PhotoShelter, a New York-based startup developing an asset management platform for marketers, today announced that it has secured $8 million in a funding round led by Level Structured Capital, an affiliated fund of Level Equity. This brings the company’s total raised to $12.2 million, following a $4.2 million series A round over a decade ago (in April 2007). CEO Andrew Fingerman says the funds will be used to develop new features, hire more staff, and finance a 23,000-square-foot headquarters in Manhattan’s Financial District later this year.
The way he tells it, this venture capital is well-deserved. This past year, Libris — PhotoShelter’s brand-tailored media solution, which launched in 2015 — saw “significant” growth and now has over 1,000 customers, including the Associated Press, New York Jets, Los Angeles Chargers, Philadelphia Eagles, Purdue University, National Aquarium, Chick-fil-A, Special Olympics Inc., Pandora, PBS, Politico, and Nathan’s Famous.
“We have grown tremendously in our fourteen years as a company and are honored to work with Level Structured Capital. The team at Level understands our vision and wants to help us deliver breakthrough content workflow[s] … for creative teams, marketers, and independent visual storytellers,” he said.
PhotoShelter, which was founded in 2005 by Allen Murabayashi, Grover Sanschagrin, Jason Burfield, and Jeffrey Arnold, launched as a cloud-based portfolio site for professional photographers. (It currently hosts hundreds of millions of images across 80,000 accounts.) Its cheapest plan starts at $12 per month (or $10 per month billed annually), and offers nine prebuilt website templates, 4GB of storage, unlimited traffic and file sizes, and an ecommerce component with a built-in shopping cart. Pricier tiers add social media site integration, custom domain names, and built-in search engine optimization tools.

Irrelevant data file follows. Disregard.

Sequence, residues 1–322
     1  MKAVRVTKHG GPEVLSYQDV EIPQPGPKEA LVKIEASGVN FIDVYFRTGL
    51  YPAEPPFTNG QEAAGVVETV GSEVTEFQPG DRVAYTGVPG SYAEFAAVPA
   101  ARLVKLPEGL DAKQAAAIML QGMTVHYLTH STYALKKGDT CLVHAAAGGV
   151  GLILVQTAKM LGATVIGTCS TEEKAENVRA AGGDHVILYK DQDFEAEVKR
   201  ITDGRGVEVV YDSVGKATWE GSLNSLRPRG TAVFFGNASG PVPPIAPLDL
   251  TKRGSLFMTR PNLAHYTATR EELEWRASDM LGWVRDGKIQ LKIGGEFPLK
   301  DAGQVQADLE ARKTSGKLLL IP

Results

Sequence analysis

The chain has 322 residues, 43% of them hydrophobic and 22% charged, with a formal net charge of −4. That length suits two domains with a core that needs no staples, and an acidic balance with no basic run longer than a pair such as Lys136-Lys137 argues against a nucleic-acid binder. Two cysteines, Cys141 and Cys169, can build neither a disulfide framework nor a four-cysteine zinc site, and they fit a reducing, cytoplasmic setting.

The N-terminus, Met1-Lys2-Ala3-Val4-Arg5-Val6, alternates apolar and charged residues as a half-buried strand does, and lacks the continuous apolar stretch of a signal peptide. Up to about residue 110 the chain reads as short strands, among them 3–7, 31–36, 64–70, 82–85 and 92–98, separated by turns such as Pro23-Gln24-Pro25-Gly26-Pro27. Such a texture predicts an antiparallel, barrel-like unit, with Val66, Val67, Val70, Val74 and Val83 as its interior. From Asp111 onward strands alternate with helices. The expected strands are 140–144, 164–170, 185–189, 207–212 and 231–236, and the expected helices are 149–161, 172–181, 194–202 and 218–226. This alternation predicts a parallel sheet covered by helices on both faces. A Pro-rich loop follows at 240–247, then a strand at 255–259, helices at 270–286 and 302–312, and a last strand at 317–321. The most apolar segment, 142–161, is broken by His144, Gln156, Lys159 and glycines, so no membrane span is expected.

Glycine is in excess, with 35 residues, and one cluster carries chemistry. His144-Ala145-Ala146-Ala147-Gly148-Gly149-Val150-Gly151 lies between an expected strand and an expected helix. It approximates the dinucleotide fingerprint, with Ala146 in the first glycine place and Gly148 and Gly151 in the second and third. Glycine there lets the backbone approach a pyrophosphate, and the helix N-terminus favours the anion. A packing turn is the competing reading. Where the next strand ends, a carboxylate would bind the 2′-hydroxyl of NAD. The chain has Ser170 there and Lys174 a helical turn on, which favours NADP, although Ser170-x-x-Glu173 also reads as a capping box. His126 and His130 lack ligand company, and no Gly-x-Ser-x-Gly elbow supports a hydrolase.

PhotoShelter’s aforementioned Libris product — which it claims is able to process bulk files from hard drives, servers, camera, and mobile devices up to 70 percent faster than Dropbox, Google Drive, Box, and WordPress — runs on the company’s owned and operated network of datacenters. It supports uploads via a range of methods and mediums, including a drag-and-drop web interface; mobile and desktop clients; file transfer protocol (FTP); third-party apps like Photo Mechanic; and Adobe Creative Cloud apps like Lightroom, InDesign, and Photoshop. Files transferred to Libris (along with their associated EXIF and IPTC metadata) become instantly viewable in a thumbnail-populated dashboard with a built-in media player.
Within Libris, files can copied and pasted, virtually linked, or organized into an endless number of nested collections and galleries. Libris’ robust permission management system prevents unauthorized people or parties from seeing and downloading assets, and its keyword-based search tool surfaces assets by file type, date range, location, or even orientation.
Other spotlight features include watermarking, single sign-on, and image rights management.
Fingerman says that PhotoShelter’s content collaboration tools will get a revamp in the coming months, as will the mobile apps and API. “This is a crucial moment for the company as we look to build our talented team, relocate our headquarters, and expand our offerings in the market,” he said. “We are excited to get to work.”
“Right now, we’re witnessing an outright explosion in the volume of visual content employed by brands to engage their audiences,” said Level Structured Capital’s Barry Osherow. “The team at PhotoShelter has built standout expertise in managing visual content at a massive scale, initially serving the community of independent creators, and now they’ve built on that heritage to offer a very powerful solution to brands. We’re thrilled to be the financing partner behind the continued expansion of their platform.”